Passing through the shopping street that used to be Shinagawa-juku on the Tokaido Highway, I turned at the Meguro River and immediately saw a magnificent torii gate. This is Ebara Shrine. It is an unassuming shrine, but it was built in 709. In the Edo period (1603-1868), the shrine received a shogunate license.
There are no eye-catching buildings on the precincts, but what is interesting to me is the deity of the shrine. Among the deities enshrined are Toyoke Hime, Amaterasu, Susano, and Ame-no-Tajikarao, the god of Taka-okami is enshrined in the center. Although he is mentioned in Kojiki and Nihonshoki, and is also enshrined at Kifune Shrine in Kyoto, he is not a very prominent deity. He is not a major deity among the gods of Japanese mythology, but he plays the center role.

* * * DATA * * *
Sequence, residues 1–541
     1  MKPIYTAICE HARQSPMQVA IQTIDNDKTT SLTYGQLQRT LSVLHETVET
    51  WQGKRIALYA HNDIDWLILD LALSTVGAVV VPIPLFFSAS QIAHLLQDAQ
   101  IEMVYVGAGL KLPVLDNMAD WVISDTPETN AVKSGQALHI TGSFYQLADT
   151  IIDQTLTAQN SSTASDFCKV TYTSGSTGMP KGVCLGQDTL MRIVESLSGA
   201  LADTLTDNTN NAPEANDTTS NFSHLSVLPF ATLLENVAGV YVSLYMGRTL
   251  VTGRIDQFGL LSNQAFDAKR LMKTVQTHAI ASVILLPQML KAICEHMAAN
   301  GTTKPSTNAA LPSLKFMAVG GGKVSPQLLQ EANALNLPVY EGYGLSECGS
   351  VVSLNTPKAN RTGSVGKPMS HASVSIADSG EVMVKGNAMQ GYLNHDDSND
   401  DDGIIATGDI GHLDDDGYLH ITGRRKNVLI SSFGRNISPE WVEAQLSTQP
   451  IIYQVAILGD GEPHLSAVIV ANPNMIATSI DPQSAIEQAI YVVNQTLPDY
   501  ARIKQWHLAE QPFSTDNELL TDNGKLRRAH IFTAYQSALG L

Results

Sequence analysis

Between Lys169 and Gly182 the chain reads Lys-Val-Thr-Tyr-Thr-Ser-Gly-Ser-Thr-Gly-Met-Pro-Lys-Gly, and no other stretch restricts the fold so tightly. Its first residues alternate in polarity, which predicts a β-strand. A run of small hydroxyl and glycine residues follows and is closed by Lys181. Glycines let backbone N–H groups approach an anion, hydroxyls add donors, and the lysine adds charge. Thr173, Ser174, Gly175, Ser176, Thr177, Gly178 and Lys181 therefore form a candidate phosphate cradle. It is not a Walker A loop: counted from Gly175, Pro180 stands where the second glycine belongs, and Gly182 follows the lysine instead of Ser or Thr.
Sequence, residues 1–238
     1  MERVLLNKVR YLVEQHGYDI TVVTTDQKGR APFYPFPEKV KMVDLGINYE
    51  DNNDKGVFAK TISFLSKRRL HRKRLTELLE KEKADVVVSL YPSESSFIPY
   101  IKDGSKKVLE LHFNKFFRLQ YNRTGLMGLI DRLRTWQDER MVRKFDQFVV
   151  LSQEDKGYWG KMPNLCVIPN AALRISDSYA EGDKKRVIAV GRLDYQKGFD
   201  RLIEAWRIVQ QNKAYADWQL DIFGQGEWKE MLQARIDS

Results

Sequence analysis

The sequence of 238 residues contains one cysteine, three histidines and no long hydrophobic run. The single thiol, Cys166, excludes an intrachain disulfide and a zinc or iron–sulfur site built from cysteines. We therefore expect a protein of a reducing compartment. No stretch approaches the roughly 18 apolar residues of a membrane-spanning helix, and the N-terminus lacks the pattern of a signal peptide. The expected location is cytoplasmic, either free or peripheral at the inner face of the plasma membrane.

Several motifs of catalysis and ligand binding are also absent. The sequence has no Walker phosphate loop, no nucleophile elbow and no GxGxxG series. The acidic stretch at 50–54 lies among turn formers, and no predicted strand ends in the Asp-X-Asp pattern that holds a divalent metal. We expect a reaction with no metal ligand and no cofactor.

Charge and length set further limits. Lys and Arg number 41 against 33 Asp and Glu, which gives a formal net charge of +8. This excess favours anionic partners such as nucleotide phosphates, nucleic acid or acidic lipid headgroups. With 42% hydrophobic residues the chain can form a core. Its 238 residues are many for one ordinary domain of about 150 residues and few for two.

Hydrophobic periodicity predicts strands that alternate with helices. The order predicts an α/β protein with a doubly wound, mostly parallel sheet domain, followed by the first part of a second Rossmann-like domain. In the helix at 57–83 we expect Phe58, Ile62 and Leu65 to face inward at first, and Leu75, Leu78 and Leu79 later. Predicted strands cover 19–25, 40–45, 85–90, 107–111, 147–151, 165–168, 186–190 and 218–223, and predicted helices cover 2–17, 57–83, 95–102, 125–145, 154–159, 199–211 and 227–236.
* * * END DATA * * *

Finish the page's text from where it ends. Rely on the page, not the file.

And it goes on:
According to the Dictionary of the Japanese Language, "Taka" means mountain peaks and "Okami" means a serpentine deity in charge of water, and Taka-okami is a deity who is believed to pray for rain and stop rain. In layman's terms, he is the god of water. Since ancient times, there have been many instances where water, which is essential for the creation and survival of life, has been worshipped as an independent deity, and Taka-okami is one of them. However, even the god of water, who brings fertility, has been in the shadows for some time now. In this day and age, I can't help but feel that the gods that make love come true are more popular than the gods that promise fertility.
|May 2021 ARCHITECTURE TOKYO|
|SHINAGAWA SHRINE TORII|
May 18, 2021
RICOH GR III